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Domestic Political Economy and the Regulation of Conflict Diamonds
Why do states pursue different policies, and experience varying outcomes, in response to international agreements? I use an approach that focuses on the domestic political economy of states to examine the Kimberley Process, an international agreement implemented in 2003 to certify the world’s diamond trade. Since the Kimberley Process is often indecisive, it is an interesting puzzle why states, even those that often ignore international agreements, will use scarce resources to raise their level of compliance with the Kimberley Process. In this research I conduct comparative case studies of four diamond wealthy countries in sub-Saharan Africa: Angola, Namibia, Sierra Leone and Zimbabwe. These cases provide a large variation in compliance and cooperation with the Kimberley Process, due to the extent that diamond dependency constrains the ability of state actors to implement their preferences surrounding policy, the preferences of private actors, and the relative amount of power within and between these groups. This research shows that cooperation and compliance with international agreements, especially those that have an economic element, can be better understood as a process that takes place domestically where different actors compete to get their policy preferences implemented and domestic economic changes lead to changes in policy implementation.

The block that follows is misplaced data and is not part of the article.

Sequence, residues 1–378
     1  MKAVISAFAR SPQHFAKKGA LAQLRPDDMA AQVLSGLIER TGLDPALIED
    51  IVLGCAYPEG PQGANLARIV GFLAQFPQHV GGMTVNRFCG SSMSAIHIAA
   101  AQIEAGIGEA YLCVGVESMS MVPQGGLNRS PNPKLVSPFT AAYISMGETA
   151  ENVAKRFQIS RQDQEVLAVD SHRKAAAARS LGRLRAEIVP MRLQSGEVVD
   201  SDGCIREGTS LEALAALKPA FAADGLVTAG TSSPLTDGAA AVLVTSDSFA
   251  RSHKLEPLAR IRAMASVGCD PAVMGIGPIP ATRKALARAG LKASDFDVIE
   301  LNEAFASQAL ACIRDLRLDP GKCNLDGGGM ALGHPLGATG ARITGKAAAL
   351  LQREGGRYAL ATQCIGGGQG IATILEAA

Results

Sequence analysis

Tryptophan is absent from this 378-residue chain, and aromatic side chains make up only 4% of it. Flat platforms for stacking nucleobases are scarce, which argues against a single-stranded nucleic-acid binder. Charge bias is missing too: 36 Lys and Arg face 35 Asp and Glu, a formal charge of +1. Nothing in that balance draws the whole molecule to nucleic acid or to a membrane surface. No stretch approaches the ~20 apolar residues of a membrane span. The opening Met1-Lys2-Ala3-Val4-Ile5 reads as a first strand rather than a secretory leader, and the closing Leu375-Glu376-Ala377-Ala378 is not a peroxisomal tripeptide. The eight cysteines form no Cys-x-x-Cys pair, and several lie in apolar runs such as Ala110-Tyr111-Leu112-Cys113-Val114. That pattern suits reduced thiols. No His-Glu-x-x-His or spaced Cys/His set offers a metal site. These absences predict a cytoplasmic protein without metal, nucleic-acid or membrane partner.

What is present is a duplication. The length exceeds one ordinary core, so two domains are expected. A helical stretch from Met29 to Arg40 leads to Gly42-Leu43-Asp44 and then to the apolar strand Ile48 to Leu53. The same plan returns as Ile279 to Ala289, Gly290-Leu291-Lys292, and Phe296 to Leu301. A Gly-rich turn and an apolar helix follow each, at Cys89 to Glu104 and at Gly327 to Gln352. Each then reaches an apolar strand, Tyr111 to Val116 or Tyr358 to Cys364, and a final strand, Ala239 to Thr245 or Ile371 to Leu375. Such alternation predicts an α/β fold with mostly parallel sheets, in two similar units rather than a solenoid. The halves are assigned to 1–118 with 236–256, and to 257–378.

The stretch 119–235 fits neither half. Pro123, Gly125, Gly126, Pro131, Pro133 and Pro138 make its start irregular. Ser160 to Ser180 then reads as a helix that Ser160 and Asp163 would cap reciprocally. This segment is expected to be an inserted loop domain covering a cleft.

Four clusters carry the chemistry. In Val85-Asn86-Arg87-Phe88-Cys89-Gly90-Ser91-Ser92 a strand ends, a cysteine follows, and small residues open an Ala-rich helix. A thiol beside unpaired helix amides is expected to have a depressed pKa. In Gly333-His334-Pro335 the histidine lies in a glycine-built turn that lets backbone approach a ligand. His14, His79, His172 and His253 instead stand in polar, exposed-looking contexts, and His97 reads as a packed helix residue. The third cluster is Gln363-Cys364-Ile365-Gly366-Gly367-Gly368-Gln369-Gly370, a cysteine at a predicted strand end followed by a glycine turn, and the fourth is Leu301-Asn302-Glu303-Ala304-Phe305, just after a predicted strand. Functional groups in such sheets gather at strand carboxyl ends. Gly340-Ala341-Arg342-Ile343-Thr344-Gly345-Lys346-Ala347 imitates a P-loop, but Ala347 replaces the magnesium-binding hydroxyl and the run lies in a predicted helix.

Political science|Sub Saharan Africa Studies
Munier, Nathan, "Domestic Political Economy and the Regulation of Conflict Diamonds" (2016). ETD collection for University of Nebraska-Lincoln. AAI10099964.